|Lots of different ways to store a pirk|
plus hokkai rig - simplest is just to wrap
it round and tie it with a rubber band.
|The bog standard pirk plus hokkais rig used all|
over the north east for cod.
I also found the big shad attracted a better stamp of fish. This fish had a few goes at a Storm Giant Jigging Shad before ending up in the yak. Sometimes if you feel a nip, it's wise to reel in and check they haven't bitten the tail of your jelly lure, thereby rendering it useless.
Unfortunately, although we lost fewer rigs overall, that improvement tended to be offset by the far greater initial cost of the big shads compared to a traditional pirk. Even with home cast lead heads and cheap jelly bodies, we still weren't curing the problem because no matter how well designed the lead head is, if the hook is exposed, there is every chance that you come up against the kayak fisherman's worst enemy: the pot rope! Even if your fishfinder shows these up in mid-water, on a fast drift / tide it can be hard to get your tackle up in time to avoid them and the fishfinder doesn't always pick them up when they're close to the bottom.
|Homemade shad heads: expect heavy tackle losses and arm yourself with enough for the year!|
First stage is to look for a replacement for the hokkais. Hokkais are simply a better form of the old fashioned mackerel or cod feathers. Yes, they have glowing beads and a few glittery bits, but basically it's the same idea that is very difficult to rig weedless. Luckily, over the last decade or so, ultra light rock fishing has become popular in Japan (and here too). This has meant we now have an excellent choice of tiny paddle tail jelly lures that can be rigged weedlessly. These are the Reins Rockvibe Shad 2" UV Super Glow B63 and the slightly larger 3" Neon Wakasagi:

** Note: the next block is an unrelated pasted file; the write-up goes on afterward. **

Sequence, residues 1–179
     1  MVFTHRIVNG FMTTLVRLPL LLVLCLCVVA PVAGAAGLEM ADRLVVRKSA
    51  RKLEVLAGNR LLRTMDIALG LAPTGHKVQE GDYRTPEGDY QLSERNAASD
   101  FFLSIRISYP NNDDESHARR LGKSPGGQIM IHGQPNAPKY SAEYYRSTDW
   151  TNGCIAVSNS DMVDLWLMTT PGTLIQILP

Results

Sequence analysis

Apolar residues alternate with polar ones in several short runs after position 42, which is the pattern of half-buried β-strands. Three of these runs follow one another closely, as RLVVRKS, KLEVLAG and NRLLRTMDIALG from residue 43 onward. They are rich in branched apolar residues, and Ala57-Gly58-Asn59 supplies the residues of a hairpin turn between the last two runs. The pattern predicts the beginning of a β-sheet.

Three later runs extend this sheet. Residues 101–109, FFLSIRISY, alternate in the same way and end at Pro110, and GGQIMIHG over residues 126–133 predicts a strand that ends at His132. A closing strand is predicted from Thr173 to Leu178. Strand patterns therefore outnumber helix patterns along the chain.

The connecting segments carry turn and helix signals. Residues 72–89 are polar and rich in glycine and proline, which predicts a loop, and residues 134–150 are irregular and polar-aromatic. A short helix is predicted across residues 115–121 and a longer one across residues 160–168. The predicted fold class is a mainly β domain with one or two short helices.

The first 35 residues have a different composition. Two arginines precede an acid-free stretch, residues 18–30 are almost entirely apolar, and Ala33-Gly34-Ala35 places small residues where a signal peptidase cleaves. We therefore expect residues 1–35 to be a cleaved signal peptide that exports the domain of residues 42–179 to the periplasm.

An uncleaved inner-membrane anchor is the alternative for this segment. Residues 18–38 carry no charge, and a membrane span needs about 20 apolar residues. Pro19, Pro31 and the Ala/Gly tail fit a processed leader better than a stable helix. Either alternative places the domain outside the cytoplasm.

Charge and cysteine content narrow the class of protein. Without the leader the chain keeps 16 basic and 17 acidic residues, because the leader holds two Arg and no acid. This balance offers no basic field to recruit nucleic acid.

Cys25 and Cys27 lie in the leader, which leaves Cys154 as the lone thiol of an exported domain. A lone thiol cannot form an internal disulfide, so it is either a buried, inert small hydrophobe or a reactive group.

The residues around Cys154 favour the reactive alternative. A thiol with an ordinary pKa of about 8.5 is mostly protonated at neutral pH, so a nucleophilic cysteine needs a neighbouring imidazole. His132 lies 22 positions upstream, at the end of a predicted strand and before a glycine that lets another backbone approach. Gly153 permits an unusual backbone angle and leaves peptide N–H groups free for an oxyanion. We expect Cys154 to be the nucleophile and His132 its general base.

|These are from the Reins freshwater range, with the right hook they can be rigged weedless.|
So that's hopefully going to cure the pot rope snags. It's true that these won't have the resistance that hokkais do, but even hokkais get torn up after a few mackerel. The tiny paddle tails are cheap (10p each) and easy to replace.
Now to cure the shad problem. I still want a big paddle tail, but there's not much out there that can be easily rigged weedless. But early last year, my prayer's were answered when the first "daddies" of the Fiiish Black Minnow range came on sale. At 16cm, it's quite a long lure (a near perfect launce imitation in my opinion), and with a maximum head weight of 60g it remains to be seen whether they'll keep their depth in a really big tide or an uptide drift:
|The big daddy of the Fiiish Black Minnow range, 160mm with a 60g offshore head. The perfect launce imitation?|
That's it! Hopefully a cod and pollack jigging rig that is snagproof on the bottom and against pot ropes. Of course if you're travelling at pace, I would still expect the tiny paddletails to snag up against a rope as the soft lure only barely covers the hook point. We'll see. I'm confident it'll catch, and I'm confident it'll be better than the rig I was using last year, where every hook on the shad or hokkais was exposed.
And that's what it's all about isn't it? Trying to do things better, to make it easier to catch more fish.
Tight lines for the coming season!